“It is our concern that the committee’s narrowing of the religious exemption language will cause the government to discontinue our long partnership with them and open up the agency to litigation and the use of resources to defend our religious beliefs rather than serve the poor,” said Edward Orzechowski, president/CEO of Catholic Charities of the Archdiocese of Washington. Catholic Charities serves 68,000 people in the city each year. The city’s 40 Catholic parishes operate another 93 social service programs to provide crucial services.
The teachings of the Catholic Church, including those of the Archdiocese of Washington, hold that all individuals have equal dignity and deserve equal respect. However, marriage by its very nature must be between a man and a woman. One essential purpose of marriage is an openness to creating and nurturing the next generation, which is the reason that governments and cultures throughout all time have given these relationships special recognition and support. See www.MarriageMattersDC.org for more information on marriage.
Many media reports today have indicated incorrectly that the Archdiocese of Washington is “threatening to end social services to the poor” if the Bill is not changed. But the true fact is that the Bill would force us out since to accept or administer even $1.00 of DC money would put us under a whole series of unacceptable rules requiring us to recognize or even facilitate aspects of Gay “marriage.” I could also open us to lawsuits and to “decertification” which would exc;ude us from providing social servies in DC. It is not we who threaten, it is we who are threatened by the implications of this Bill.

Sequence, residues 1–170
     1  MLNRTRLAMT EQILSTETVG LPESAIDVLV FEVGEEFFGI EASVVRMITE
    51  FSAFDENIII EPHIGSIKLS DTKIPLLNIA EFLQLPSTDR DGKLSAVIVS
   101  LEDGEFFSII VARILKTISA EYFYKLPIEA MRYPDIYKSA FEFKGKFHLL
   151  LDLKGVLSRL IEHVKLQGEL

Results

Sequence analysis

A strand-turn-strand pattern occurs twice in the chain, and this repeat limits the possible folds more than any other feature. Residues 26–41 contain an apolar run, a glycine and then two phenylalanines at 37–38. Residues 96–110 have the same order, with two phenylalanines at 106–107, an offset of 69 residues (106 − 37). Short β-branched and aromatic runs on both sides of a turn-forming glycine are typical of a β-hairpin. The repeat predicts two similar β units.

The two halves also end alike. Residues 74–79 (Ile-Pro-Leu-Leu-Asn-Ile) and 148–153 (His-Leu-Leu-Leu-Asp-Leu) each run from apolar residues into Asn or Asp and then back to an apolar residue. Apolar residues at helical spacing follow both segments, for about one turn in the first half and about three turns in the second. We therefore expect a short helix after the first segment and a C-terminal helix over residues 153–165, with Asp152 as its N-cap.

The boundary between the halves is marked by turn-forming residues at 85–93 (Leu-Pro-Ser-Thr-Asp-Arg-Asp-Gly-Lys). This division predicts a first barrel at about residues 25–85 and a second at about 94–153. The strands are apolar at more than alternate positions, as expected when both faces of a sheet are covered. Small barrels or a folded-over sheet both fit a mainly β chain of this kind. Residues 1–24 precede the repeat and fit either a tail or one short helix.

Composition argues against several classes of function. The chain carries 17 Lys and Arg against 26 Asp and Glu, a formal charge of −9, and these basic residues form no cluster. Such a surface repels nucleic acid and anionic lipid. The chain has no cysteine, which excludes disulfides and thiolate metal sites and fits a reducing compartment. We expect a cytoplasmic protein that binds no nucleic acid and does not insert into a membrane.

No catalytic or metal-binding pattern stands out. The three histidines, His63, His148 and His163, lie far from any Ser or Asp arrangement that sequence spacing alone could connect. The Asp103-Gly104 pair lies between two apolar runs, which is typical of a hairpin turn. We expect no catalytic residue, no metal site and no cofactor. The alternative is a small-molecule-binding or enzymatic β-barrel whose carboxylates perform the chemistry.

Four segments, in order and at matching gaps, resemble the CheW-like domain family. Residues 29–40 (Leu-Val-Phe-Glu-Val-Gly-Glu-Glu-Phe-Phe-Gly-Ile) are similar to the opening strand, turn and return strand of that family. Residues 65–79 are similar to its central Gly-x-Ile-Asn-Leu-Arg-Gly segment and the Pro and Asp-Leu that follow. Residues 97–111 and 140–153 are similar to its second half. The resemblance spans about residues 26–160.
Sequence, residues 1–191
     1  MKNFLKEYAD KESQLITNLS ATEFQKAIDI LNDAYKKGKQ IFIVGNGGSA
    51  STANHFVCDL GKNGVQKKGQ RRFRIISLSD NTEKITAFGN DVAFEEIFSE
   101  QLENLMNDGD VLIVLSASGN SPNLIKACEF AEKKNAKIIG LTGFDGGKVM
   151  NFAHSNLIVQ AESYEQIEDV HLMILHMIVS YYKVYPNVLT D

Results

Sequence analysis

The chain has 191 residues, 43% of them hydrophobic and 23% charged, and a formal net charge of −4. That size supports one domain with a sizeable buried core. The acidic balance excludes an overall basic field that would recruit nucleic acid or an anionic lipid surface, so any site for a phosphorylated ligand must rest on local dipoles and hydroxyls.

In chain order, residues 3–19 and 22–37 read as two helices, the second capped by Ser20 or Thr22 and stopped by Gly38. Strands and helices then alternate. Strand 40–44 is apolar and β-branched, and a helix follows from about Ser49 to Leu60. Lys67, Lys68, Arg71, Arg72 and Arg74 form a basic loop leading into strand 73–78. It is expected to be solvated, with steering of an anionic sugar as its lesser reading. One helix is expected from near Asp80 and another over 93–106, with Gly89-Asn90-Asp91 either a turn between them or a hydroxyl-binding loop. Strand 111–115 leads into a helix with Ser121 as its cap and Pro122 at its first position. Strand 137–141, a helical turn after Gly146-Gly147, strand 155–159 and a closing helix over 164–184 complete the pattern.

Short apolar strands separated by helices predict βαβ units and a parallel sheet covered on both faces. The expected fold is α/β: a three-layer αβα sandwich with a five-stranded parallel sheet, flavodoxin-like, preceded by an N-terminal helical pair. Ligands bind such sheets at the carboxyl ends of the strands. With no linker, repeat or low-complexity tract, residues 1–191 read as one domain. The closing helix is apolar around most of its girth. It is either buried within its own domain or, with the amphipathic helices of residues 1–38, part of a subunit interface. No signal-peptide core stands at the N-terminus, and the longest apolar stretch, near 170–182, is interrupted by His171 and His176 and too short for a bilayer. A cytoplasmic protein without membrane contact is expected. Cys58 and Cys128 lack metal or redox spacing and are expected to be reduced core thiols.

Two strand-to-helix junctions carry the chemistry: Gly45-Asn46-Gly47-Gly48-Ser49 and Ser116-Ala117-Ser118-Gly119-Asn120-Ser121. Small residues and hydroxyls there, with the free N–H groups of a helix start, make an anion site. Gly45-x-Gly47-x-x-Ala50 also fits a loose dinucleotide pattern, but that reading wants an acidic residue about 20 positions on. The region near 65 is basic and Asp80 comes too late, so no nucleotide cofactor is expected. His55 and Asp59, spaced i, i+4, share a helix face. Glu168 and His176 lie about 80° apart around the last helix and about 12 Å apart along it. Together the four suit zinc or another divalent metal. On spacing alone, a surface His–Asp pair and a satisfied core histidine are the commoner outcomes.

I hope you can see what is happening here. Through judicial fiat seculars and progressives are trying to impose recognition of same sex “marriage.” By severely reducing religious exemptions members of the City Council and their allies are simply bullying and forcing their will. They have the votes on the Council and refuse to allow the citizens of this city to have their voices heard by placing this initiative on the ballot. This Bill is, simply put, an imposition.
It is also an example of intolerance toward the traditional religious community. The views of the religious communities in question are not some recent trend or theological speculation. The definition of marriage that is being rejected is some 5,000 years old and stretches all the way back to the earliest pages of Scripture. There are also solid Natural Law arguments at the root of the traditional understanding of Marriage. We are not bigots or homophobes merely for holding the traditional view of marriage. The narrowing of religious exemptions in the current draft of the Bill seems another example of intolerance for ancient and deeply held religious belief.
It is an irony that many who have marched under the banners tolerance and open-mindedness, now that they have power, show that it never really was about either of those things. It appears it was really about power and imposition. The very ones who have so often accused the religious and traditional of imposing our will and being intolerant now give evidence of the very things they accused others of.